The nearby Red Planet displays remarkable changes every apparition. As Mars approaches opposition, keep an eye out for some of these differences.
Will Mars soon be hidden under a veil of dust? Let's hope not. We explore the current storm and the planet's upcoming close opposition.
After a long drought, a bright planet emerges in the western sky. Welcome back, Venus!
Be sure to set the alarm so you don't miss the squeaky-tight conjunction of Venus and Mars Thursday morning. They'll stay close through the weekend.
Use our interactive observing tool to say which of the planet's four largest moons is which.
Calculate when the Great Red Spot will cross Jupiter's central meridian — that's the best time to see the famous storm through your telescope.
Find information on observing Jupiter during its 2016 - 2017 apparition, including information on its moons and Great Red Spot transit predictions.
Take the observing challenge: Find as many as five of the brightest moons of Uranus in a large backyard telescope using our interactive observing tool.
Triton, Neptune's largest moon, is a tricky find. Our Triton Tracker observing tool can help users of moderate to large telescopes spot this distant moon.
To compare what you see on Mars with a map, you need to know which side of the planet you're looking at. Our handy Mars Profiler tells you that and more, for any date and time.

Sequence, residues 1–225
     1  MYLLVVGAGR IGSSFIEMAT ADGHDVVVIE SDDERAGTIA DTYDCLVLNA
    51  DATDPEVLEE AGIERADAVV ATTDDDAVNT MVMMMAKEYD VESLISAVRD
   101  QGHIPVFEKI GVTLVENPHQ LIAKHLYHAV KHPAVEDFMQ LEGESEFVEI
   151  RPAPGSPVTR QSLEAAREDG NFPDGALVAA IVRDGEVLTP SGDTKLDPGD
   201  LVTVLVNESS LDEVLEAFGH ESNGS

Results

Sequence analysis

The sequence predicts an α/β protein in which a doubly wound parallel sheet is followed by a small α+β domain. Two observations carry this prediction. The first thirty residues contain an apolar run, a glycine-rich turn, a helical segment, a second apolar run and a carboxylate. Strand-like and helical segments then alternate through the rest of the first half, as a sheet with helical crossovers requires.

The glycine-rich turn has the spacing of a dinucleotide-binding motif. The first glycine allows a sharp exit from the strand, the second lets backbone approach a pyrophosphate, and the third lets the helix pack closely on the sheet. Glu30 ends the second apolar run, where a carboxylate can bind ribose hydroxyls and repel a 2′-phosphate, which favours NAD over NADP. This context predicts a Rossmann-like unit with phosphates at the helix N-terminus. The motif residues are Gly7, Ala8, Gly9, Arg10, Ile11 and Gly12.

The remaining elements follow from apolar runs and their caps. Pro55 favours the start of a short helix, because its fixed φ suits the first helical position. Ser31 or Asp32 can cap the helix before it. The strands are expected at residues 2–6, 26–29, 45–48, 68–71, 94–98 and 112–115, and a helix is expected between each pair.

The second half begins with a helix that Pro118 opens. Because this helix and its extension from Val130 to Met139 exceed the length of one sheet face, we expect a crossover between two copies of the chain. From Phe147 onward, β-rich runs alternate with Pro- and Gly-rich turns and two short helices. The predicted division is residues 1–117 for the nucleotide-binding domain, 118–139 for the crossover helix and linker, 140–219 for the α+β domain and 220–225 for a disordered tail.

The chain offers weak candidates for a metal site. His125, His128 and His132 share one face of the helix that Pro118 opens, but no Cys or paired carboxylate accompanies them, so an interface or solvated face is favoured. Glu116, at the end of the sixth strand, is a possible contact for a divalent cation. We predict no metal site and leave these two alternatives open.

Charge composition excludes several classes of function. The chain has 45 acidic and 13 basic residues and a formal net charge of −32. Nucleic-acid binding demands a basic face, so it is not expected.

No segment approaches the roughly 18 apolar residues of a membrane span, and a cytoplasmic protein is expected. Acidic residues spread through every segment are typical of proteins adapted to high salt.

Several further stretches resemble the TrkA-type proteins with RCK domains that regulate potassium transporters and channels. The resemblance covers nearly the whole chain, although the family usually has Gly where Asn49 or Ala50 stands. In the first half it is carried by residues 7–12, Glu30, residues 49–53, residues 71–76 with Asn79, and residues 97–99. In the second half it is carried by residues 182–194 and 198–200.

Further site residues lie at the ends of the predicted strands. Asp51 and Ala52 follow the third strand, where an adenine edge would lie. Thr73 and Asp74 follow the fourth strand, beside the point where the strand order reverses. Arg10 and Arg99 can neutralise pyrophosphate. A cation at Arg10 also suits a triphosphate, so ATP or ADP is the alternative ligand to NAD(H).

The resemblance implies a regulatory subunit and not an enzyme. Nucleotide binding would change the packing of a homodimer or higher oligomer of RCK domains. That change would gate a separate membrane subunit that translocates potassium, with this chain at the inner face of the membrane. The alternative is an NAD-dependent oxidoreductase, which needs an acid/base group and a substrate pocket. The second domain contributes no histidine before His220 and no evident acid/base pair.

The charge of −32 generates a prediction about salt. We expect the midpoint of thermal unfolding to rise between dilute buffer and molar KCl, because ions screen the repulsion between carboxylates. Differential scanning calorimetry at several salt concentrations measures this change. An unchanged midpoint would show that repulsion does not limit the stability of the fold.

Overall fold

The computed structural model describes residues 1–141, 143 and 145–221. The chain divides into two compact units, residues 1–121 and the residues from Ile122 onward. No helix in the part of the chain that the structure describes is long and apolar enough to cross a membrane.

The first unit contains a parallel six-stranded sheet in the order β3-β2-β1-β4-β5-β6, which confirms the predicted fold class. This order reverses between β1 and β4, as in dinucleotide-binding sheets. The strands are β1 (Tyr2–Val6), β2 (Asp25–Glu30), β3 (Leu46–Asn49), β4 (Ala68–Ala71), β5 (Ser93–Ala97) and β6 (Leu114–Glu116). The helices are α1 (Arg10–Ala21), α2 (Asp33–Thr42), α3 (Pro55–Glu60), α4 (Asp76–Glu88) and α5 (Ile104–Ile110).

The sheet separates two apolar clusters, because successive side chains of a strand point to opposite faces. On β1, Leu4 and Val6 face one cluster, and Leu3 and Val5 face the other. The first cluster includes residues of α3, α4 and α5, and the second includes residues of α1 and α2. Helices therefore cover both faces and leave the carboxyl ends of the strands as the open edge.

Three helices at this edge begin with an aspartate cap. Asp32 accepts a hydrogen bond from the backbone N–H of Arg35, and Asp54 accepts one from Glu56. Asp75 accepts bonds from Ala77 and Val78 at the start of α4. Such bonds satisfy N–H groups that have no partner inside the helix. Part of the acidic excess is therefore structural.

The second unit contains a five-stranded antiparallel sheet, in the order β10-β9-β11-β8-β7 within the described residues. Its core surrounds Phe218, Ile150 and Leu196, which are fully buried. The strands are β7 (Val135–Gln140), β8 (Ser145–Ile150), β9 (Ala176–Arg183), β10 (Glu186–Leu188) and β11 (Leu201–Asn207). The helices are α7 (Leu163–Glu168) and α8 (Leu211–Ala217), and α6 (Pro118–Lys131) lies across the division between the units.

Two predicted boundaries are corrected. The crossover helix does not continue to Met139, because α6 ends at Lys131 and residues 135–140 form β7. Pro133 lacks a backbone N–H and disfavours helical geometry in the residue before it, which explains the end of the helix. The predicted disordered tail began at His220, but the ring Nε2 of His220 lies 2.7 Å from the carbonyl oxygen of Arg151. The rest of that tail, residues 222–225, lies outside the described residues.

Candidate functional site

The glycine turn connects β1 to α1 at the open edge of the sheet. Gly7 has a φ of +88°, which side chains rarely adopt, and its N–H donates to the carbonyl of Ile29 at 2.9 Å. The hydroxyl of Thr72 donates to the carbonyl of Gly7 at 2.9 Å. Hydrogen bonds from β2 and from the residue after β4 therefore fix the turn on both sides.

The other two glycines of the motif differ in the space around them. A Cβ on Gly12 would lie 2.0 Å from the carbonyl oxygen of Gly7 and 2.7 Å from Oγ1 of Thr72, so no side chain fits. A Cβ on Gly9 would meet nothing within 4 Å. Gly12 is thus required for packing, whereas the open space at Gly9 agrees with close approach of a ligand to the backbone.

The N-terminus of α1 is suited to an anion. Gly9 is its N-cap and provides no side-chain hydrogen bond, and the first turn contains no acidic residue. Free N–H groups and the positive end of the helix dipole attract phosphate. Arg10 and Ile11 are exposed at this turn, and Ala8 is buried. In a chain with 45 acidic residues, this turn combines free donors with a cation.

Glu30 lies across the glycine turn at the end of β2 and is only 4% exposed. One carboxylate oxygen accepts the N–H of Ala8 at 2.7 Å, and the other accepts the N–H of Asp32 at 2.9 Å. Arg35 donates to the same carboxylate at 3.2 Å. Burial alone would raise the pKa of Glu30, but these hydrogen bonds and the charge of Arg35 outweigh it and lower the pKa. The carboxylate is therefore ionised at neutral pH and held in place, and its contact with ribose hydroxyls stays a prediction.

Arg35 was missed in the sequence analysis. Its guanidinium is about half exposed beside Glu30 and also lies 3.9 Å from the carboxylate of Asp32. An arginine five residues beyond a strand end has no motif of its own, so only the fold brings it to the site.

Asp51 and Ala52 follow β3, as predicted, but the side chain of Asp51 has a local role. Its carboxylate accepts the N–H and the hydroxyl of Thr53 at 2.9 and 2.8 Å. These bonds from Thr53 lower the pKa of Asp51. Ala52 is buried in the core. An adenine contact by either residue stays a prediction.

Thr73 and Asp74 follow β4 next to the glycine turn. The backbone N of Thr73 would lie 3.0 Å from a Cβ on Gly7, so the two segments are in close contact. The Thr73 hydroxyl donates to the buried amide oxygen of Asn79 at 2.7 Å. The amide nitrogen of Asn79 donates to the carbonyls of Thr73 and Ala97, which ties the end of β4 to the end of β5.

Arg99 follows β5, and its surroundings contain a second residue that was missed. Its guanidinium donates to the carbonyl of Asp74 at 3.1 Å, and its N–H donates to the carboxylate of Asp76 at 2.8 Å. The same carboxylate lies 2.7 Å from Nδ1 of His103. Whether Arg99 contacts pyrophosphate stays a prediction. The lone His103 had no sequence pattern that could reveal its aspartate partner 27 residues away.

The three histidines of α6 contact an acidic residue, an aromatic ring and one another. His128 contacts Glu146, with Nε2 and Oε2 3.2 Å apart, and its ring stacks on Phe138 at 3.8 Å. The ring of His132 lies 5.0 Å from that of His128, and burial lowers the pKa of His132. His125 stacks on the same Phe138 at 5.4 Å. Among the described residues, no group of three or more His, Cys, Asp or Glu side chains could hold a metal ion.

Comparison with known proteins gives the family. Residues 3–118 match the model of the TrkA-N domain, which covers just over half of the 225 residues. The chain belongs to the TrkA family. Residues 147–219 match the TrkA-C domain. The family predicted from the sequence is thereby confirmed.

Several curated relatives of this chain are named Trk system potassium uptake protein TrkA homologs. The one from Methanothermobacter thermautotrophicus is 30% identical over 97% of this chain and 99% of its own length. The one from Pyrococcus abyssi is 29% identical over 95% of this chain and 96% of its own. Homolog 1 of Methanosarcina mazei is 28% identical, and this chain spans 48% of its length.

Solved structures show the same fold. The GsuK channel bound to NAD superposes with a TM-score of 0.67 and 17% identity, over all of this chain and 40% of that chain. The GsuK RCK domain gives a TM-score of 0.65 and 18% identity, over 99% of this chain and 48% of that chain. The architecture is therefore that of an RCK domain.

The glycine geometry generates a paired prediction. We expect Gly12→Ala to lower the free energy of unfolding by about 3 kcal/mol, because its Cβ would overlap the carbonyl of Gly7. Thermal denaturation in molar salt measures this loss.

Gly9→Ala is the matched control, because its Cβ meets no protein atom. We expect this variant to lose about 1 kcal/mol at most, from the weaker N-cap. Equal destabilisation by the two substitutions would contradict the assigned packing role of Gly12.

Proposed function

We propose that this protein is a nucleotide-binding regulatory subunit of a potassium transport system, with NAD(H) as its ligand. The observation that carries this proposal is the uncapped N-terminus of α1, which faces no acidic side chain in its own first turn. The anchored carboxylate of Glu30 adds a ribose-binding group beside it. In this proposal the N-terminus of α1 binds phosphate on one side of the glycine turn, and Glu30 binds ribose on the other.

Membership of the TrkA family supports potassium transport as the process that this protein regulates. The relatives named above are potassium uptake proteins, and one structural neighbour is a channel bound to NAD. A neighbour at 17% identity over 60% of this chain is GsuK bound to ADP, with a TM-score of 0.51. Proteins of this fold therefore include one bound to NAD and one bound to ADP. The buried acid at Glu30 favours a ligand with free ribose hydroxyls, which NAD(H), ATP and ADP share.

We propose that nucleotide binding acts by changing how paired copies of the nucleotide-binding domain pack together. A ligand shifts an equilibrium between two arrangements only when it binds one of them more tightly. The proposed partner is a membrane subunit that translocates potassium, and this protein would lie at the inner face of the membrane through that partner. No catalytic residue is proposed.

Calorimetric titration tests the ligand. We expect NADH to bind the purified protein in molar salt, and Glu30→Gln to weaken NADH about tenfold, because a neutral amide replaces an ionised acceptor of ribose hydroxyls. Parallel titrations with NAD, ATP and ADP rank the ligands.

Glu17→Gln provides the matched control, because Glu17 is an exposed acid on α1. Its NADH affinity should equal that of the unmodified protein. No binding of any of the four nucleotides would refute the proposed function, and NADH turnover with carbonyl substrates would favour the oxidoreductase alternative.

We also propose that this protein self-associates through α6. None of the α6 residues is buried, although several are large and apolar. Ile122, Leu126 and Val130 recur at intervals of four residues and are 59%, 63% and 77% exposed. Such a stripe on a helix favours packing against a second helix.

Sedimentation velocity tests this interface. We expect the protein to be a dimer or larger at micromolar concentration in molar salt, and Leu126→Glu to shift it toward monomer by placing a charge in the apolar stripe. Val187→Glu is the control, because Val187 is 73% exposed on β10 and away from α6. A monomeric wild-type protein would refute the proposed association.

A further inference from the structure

Following an occultation of Rho Leonis by the Moon, watch Venus and Uranus pair up in a weekend conjunction just 10° from Comet ER61 PanSTARRS.
Flash! A comet or asteroid fragment whacked Jupiter on May 26th. It's the sixth time that observers on Earth have witnessed an impact on the giant planet.
With our eyes often glued to the bright classical planets, Uranus is easy to overlook. Now well-placed for viewing at a convenient hour, why not pay this pale blue dot a visit the next clear night?
Now you see 'em, now you don't. Watch the Moon occult Neptune and nearby Lambda Aquarii on the same night.
Spot Uranus and Neptune, and relive the original discoveries.
It's showtime for the King of the Rings! Time to get your telescope out to see and share Saturn, which comes to opposition this week.
Let Mars be your guide to no fewer than 15 diverse and delightful double stars that pepper its path through Scorpius and Libra this opposition season.
With the Moon finally put to bed and Comet 252P still bright, there's no better time than now to see it. Nearby Mars and Saturn only sweeten the deal.
Jove begins a new apparition with a redder Red Spot, pirouetting moons, and ever-changing cloudscapes.
This week and early next will be your last chance to see five planets — six if you count Earth — at dawn.
It’s been a fantastic year for Pluto, and it’s only going to get more so. What better time to make your first (or second!) attempt at spotting the dwarf planet? Read on for a few tips to help you locate this dim object in the summer sky.
This article gives directions for finding Uranus and Neptune from June 2015 through March 2016.
Fooled by shadow play into thinking lunar mountains were pointy pinnacles? Learn why we often see them that way.
Your first view of Saturn with a telescope can introduce you to the riches of stargazing — and now is the perfect time to see Saturn and all it has to offer! Saturn is entering the early evening sky this spring just as Jupiter begins its exit in the west. Here's a quick guide to…